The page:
Friday, October 30, 2009
King Cole Bar
After a $100 million restoration, New York's St. Regis Hotel is just as much of an old-school New York icon as it’s always been. Pass by Italian marble, gilded moldings and a gleaming chandelier in the hotel's lobby to the King Cole Bar, which houses a famous 1906 Maxfield Parrish Art Nouveau mural, complete with "fiddlers three." Mixological lore has it that the so-called "Red Snapper" drink came over from Harry's New York Bar in Paris and eventually morphed into the Bloody Mary, King Cole's signature cocktail. Beyond this claim to fame, this is the place for making good impressions and stimulating conversation, and even if you’re capable of neither, be heartened that the lighting will flatter you, the beer nuts are the best you’ll ever have (almonds, macadamia nuts and green wasabi peas are on offer), and your top-shelf liquor cocktail will be stiff (as will be the bar tab – trust me on this; about $125 for 4 cocktails including tax and tip). The scene can be subdued and tinkling or downright hectic at peak hours, since this is a rather small space. If you're lucky enough to secure a table at the banquette, settle in and sip slowly as the Old Guard and the Well-Maintained parade in and out. They serve the best Cobb salad I've ever had in my life.
On my latest visit I noticed a lot of “older” gentlemen in bespoke tailored suits flirting with/being courted by much younger unaccompanied women, if you get my drift. Dress Code: No shorts or sneakers after 5pm. No hats at any time. Don't come here if you can't make an entrance looking like one of the monied set; you'll spoil the ambiance.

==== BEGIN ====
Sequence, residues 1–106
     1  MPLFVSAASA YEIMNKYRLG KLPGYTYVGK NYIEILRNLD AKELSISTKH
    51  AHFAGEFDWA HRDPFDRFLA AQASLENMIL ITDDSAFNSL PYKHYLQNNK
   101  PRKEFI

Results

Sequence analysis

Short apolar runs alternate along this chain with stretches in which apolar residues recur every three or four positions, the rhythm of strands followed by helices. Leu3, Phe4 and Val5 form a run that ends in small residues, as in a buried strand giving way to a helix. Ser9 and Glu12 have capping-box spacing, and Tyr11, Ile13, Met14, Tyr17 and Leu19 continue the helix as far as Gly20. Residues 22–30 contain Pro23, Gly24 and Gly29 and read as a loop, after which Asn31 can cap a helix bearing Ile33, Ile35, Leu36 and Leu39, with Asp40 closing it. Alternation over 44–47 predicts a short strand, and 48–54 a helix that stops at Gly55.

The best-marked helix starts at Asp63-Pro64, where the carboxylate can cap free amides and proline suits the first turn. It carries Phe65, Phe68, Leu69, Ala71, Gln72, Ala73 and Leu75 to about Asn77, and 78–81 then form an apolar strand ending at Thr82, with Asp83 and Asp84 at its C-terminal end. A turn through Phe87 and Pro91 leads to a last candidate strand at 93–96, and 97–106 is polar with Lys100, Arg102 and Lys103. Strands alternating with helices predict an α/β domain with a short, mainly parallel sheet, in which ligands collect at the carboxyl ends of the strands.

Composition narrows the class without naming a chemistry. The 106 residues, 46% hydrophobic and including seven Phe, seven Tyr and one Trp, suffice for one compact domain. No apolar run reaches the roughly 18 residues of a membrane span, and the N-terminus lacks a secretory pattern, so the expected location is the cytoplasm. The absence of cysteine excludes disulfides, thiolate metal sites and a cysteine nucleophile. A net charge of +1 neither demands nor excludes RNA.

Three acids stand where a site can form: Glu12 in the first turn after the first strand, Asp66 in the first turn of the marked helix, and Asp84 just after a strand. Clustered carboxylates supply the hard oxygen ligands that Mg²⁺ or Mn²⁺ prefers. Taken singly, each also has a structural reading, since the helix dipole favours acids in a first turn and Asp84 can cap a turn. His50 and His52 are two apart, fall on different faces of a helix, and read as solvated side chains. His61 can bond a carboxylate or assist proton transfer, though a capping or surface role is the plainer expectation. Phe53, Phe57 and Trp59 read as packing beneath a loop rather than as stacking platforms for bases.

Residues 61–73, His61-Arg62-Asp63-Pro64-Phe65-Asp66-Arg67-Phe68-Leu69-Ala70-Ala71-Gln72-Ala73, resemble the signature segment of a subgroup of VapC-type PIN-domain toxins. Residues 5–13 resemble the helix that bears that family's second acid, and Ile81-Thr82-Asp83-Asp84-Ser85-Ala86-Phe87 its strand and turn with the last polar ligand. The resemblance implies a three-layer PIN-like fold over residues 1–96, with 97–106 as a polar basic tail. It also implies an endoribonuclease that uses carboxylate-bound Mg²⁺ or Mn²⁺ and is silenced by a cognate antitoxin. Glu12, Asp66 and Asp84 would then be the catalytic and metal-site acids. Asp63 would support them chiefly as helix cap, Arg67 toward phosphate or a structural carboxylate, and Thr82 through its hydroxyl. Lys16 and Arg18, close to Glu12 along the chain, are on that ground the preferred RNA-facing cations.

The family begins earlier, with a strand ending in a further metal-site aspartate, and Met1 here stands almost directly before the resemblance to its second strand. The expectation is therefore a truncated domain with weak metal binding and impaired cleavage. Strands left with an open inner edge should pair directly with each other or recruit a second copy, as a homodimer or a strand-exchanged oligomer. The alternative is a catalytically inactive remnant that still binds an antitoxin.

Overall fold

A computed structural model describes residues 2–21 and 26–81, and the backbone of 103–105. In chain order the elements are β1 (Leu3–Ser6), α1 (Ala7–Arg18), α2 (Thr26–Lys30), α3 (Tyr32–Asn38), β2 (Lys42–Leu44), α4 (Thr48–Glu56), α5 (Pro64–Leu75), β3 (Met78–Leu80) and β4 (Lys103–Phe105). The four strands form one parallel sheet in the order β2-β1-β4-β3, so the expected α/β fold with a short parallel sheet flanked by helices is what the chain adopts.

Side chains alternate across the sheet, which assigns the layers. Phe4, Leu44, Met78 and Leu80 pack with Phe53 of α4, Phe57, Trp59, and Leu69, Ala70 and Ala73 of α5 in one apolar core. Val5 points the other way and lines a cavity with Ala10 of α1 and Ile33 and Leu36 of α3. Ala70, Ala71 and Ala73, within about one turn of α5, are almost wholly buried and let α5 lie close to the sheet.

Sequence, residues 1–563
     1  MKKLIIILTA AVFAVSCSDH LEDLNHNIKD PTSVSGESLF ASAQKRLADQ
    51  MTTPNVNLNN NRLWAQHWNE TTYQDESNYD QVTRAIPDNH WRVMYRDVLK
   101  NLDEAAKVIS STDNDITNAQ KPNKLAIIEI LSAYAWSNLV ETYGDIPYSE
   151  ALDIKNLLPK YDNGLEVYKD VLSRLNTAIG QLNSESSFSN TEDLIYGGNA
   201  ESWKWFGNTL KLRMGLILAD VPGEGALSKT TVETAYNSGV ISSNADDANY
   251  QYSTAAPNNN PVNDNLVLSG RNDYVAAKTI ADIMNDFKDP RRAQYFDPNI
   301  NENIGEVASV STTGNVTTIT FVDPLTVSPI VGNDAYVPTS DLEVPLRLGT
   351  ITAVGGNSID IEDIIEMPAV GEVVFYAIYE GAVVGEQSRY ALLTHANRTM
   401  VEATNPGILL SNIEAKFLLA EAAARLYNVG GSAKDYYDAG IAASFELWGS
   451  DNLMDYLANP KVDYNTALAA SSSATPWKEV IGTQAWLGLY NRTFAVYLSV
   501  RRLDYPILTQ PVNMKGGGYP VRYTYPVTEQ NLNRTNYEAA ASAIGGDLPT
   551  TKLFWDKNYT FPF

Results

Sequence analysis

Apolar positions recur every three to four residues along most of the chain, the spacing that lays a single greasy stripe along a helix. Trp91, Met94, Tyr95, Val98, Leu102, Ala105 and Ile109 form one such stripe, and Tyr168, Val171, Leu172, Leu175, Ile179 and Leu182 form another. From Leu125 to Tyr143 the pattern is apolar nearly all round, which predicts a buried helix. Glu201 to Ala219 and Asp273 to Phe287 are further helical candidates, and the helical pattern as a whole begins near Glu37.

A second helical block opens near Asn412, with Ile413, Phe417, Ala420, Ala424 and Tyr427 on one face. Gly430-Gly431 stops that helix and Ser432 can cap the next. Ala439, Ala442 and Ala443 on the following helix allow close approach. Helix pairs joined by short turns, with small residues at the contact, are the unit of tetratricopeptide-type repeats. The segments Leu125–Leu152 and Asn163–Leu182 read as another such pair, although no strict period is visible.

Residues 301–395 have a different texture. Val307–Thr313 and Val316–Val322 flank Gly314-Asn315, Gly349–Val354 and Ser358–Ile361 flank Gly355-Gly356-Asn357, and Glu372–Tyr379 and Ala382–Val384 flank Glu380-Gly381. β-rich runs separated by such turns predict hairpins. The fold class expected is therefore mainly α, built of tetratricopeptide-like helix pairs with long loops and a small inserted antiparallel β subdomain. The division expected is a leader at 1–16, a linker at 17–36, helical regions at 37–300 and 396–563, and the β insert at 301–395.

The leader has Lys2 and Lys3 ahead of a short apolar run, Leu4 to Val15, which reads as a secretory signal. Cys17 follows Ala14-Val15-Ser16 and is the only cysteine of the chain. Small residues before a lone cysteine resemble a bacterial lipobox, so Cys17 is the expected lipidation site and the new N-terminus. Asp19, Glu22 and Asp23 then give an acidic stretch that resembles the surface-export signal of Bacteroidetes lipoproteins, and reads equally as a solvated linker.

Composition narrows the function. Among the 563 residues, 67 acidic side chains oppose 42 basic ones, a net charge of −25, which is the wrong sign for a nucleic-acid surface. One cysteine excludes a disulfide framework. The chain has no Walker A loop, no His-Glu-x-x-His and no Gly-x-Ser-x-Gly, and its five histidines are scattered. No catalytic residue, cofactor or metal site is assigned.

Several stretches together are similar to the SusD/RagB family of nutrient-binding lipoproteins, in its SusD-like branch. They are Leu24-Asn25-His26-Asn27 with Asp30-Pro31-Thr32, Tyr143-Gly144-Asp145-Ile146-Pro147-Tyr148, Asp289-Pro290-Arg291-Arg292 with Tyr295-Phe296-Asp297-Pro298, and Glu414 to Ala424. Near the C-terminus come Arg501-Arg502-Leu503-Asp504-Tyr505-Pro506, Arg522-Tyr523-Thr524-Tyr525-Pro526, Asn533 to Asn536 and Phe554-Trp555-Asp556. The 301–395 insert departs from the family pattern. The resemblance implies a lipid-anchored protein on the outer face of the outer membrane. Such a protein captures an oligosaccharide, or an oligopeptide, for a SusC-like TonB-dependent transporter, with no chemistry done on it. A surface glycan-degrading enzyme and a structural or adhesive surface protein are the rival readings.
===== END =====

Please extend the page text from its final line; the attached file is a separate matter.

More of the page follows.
If "mere alcohol doesn't thrill you at all," a celebrated afternoon tea is served in the hotel’s Astor Court room to the accompaniment of the requisite harpist.
The St. Regis is a Starwood hotel property located at 2 East 55th Street (at 5th Avenue) in mid-town Manhattan. Built in 1904 by (Colonel) John Jacob Astor IV, the great grandson of the country’s first multi-millionaire, the St. Regis is a Beaux Arts landmark. When it was built, this was the tallest hotel in the city.
The front desk and lobby are all marble and gilt (check out the ceiling frescoes), and even the standard guest rooms boast elaborate chandeliers (and a nightly rate of $850 or so; Internet access is extra, and you’ll have to upgrade from a basic room [lowly shower/tub combinations] if you want a genuine soaking tub). The hotel’s 24-hour butlers wear tails and white gloves and anachronistic charm on their sleeves, but they can also help with any and all modern conundrums, such as hooking up your iPod to play through your room’s surround sound system (in case you left the kids at home). Reassuring, no? The lobby seating areas boast elaborate period paneling and carved marble fireplaces, just like home. In a demonstration of silly pretension, door handles in some of the public spaces are marked with brass rectangles in French, so you’d better know a “tirez” from a “poussez.” I’m not kidding.